Another decade in Iraq?
A co-founder of the House Out of Iraq Caucus, Schakowsky saw only fleeting glimpses of Iraqis' day-to-day life during her one-day trip. The few times she ventured out of the Green Zone, she was in a helicopter or a speeding convoy, soldiers hanging out of the windows with machine guns, obscuring the view. She heard about dire power and water shortages, yet saw nothing firsthand.So obviously not everyone comes away from Iraq learning the same lessons. Which is to be expected, I suppose.
But the military presentations left her stunned. Schakowsky said she jotted down Petraeus's words in a small white notebook she had brought along to record her impressions. Her neat, looping handwriting filled page after page, and she flipped through to find the Petraeus section. " 'We will be in Iraq in some way for nine to 10 years,' " Schakowsky read carefully. She had added her own translation: "Keep the train running for a few months, and then stretch it out. Just enough progress to justify more time."
"I felt that was a stretch and really part of a PR strategy -- just like the PR strategy that initially led up to the war in the first place," Schakowsky said. Petraeus, she said, "acknowledged that if the policymakers decide that we need to withdraw, that, you know, that's what he would have to do. But he felt that in order to win, we'd have to be there nine or 10 years."
You-know-who came up in the article as well:
But it wasn't just Republicans who came away impressed after visiting Iraq. Rep. Brian Baird (D-Wash.) announced that he will no longer support a timetable for withdrawal, warning of a "potentially catastrophic effect" on the region.Ouch.
Schakowsky acknowledged that the military's presentation may have been effective. "If you took the briefings at their face value, without context, without bringing anything to it -- clearly they were trying to present that positive spin, and that's what [other lawmakers] took away from it."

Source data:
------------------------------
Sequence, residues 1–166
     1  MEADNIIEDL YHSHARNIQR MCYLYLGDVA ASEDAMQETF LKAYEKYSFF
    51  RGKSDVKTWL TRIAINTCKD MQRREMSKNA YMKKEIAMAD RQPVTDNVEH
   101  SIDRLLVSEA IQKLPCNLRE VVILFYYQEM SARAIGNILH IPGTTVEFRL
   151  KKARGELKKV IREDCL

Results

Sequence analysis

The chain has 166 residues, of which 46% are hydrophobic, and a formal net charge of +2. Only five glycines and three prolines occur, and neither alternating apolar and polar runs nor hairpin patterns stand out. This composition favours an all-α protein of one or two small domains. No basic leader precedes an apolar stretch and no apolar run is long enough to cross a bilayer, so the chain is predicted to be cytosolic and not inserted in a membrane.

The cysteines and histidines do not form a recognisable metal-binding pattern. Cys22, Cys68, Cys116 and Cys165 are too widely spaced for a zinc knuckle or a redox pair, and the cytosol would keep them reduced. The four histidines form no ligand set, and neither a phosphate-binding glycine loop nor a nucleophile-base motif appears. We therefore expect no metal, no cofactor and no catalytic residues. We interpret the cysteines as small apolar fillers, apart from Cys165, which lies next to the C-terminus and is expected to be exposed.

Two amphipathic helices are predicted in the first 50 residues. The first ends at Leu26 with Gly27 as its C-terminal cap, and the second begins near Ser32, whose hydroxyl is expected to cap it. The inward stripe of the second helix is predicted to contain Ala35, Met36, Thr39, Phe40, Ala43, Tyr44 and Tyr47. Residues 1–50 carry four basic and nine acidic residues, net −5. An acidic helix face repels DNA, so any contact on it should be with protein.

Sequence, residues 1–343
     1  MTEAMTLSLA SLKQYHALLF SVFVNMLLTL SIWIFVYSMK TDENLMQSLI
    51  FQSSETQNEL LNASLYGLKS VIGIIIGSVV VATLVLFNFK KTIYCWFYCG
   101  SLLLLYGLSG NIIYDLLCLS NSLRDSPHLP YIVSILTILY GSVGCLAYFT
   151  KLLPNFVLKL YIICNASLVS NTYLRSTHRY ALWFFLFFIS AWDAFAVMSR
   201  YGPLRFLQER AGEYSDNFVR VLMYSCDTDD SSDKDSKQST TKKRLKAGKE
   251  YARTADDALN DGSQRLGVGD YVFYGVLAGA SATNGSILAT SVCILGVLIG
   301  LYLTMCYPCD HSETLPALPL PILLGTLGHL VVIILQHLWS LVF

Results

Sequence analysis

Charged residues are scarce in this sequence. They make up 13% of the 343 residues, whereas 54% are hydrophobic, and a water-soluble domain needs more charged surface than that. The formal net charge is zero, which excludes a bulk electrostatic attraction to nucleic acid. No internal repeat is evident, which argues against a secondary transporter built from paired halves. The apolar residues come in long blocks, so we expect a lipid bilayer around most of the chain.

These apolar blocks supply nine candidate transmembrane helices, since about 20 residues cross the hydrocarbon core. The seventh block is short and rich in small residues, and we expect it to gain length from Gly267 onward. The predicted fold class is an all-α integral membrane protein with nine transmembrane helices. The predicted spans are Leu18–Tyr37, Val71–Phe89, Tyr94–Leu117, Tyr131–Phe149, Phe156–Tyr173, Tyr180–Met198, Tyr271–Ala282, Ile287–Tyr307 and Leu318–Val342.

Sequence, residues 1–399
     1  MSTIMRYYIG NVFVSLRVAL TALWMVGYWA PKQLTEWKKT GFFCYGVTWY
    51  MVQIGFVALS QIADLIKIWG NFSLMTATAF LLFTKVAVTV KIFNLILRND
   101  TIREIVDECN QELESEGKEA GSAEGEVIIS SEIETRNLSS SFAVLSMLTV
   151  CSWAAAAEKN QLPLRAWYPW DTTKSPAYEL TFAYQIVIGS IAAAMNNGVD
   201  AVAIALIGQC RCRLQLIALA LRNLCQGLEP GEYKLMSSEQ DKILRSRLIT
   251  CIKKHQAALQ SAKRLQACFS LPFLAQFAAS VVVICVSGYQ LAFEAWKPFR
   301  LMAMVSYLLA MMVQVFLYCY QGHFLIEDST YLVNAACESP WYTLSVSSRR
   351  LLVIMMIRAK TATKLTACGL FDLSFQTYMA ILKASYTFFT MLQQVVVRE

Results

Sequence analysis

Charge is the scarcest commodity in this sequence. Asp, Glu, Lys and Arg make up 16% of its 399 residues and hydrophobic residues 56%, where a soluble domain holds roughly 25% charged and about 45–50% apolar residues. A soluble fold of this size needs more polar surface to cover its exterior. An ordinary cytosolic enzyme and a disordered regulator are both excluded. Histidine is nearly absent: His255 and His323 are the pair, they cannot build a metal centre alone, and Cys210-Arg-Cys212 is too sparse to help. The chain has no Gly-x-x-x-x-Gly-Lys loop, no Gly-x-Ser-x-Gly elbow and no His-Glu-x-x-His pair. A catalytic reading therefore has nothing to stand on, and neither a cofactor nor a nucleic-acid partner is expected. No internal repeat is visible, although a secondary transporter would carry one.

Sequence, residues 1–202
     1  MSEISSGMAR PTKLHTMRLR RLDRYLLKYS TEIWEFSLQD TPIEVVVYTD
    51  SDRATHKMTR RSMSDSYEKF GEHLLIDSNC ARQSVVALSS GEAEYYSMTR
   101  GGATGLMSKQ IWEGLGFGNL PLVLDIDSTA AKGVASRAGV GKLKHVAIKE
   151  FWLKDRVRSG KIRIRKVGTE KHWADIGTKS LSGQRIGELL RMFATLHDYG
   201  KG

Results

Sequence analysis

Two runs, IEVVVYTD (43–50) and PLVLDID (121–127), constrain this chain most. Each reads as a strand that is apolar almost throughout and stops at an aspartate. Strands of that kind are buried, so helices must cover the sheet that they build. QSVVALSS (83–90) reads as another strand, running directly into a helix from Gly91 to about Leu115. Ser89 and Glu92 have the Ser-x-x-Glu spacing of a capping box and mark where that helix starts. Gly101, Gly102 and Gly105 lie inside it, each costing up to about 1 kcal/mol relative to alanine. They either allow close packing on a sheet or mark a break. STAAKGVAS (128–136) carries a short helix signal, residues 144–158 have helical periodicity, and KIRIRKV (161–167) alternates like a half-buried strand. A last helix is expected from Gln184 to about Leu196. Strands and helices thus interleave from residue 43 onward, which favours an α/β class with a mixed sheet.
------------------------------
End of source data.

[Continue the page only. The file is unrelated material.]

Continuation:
Everyone please note that Schakowsky is not a blogger, but rather a member of Congress. It is Schakowsky who is raising concerns about the PR aspect and the possibility of another decade in Iraq.
Obviously, we think it's an important point or we wouldn't link to it, but as there seems to be a hint of hippie hatred swirling around the entire debate, let's be clear about things. People far more important than us have serious concerns about how this is being sold to the American people.
To the extent blogs matter, they can only help amplify bits of information that might not be featured as prominently in traditional media. While The Washington Post is hardly an unknown newspaper, it does not follow that everyone in WA-03 will necessarily see the Schakowsky article in their local newspaper tomorrow, and it offers a point of view that is quite at odds with that Baird is offering his district. So those who wish may go read the entire Post article and consider it on its merits.
Seeing as anyone with any kind of political sense can detect the coming administration PR offensive, it's perfectly legitimate to point out the differing views of various members of Congress, journalists, pundits and fellow bloggers.